The multidisciplinary team (MDT)

This is a team of health professionals who work together to decide on the best treatment and care for you. It can include: 

  • specialist head and neck surgeons
  • specialists in drug treatment
  • specialists in radiotherapy
  • restorative dental specialists
  • a head and neck clinical nurse specialist
  • speech and language therapists
  • dietitians

Specialist head and neck surgeon

Head and neck surgeons may include: 

  • ear, nose and throat (ENT) surgeons
  • oral and maxillofacial surgeons
  • plastic surgeons

ENT surgeon 

These are qualified specialist surgeons trained in treating conditions of the ear, nose, throat and neck. They can also be called otolaryngologists. 

Oral and maxillofacial surgeons 

They are doctors trained both as doctors and dentists. These surgeons remove the cancer and also rebuild the tissue lost due to the cancer or surgery. 

Plastic surgeons

Sometimes a plastic surgeon may rebuild the area where the cancer was removed. This is called reconstruction. Plastic surgery is common after surgery to remove a cancer of the head and neck.

Radiotherapy and drug treatment specialist (oncologists)

They are specialist doctors and plan your treatment using:

  • chemotherapy
  • targeted cancer drugs 
  • radiotherapy 

Restorative dental specialist

A restorative dentist is a specialist in replacing lost tissues and teeth.

They assess your teeth before you have treatment. And may recommend that you have some teeth removed if they are decaying or loose. This is so they don't cause problems later on. 

The restorative dentist also gives you advice on how to look after your mouth and teeth during and after treatment. You may also see a dental hygienist to help keep your mouth and teeth clean. And reduce the risk of infection.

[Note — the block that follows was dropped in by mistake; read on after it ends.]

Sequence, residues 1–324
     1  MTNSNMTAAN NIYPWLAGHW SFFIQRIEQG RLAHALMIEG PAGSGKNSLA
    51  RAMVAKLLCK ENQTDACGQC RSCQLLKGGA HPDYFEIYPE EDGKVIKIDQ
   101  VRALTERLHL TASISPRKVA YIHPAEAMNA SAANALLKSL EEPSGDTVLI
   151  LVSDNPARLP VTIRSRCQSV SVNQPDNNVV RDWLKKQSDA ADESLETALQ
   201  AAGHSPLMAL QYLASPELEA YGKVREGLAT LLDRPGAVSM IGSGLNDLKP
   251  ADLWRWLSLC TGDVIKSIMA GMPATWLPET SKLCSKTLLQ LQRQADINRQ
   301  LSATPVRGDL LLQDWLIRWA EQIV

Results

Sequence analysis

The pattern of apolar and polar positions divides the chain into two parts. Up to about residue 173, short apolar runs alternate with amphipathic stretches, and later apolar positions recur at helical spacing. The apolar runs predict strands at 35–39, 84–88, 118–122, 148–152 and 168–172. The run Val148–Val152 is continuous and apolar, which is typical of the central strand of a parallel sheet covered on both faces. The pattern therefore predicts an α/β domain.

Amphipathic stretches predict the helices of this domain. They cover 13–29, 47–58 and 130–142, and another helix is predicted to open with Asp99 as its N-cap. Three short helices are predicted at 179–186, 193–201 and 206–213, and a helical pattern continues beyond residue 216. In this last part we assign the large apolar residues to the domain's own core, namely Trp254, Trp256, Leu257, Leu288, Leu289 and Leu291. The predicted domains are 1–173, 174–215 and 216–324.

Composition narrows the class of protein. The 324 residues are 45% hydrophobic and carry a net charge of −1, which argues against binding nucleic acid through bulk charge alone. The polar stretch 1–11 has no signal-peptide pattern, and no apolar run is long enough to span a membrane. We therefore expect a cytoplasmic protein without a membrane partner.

The restorative dentist will also help your recovery. They may suggest using false teeth or a replacement part (prosthesis). They can help to make your facial appearance as normal as possible after treatment.   

Head and neck clinical nurse specialist

A clinical nurse specialist is a qualified nurse who has knowledge of head and neck cancers. They help to organise the care between doctors and other health professionals. They support you during and after treatment and make sure you have the information you need to understand the treatment. 

A clinical nurse specialist (CNS) is often your key worker. 


Dietitians play an essential role in helping you with problems you may have with your diet and eating. You usually met them before your treatment and regularly throughout. 

Speech and language therapist

You may meet a speech and language therapist. They usually visit you before your operation or radiotherapy. They explain possible problems you may have with speech and swallowing, and how to cope with them.

Other health professionals

You may also need help and support from other health specialists, for example, physiotherapists Open a glossary item and social workers Open a glossary item.

Last reviewed: 
27 Jul 2021
Next review due: 
27 Jul 2024
  • Oropharyngeal cancer: United Kingdom National Multidisciplinary Guidelines

    H Mehanna and others

    The Journal of Laryngology and Otology, 2016. Volume 130, supplement S2, pages S90-S96

  • Cancer of the upper aerodigestive tract:assessment and management in people aged 16 and over
    The National Institute for Health and Care Excellence (NICE), 2016, updated 2018

  • Squamous cell carcinoma of the oral cavity, larynx, oropharynx and hypopharynx: EHNS- ESMO-ESTRO Clinical Practice Guidelines for diagnosis, treatment and follow-up
    J. P. Machiels and others
    Annals of Oncology, 2020. Volume 31, Issue 11, Pages 1462-1475

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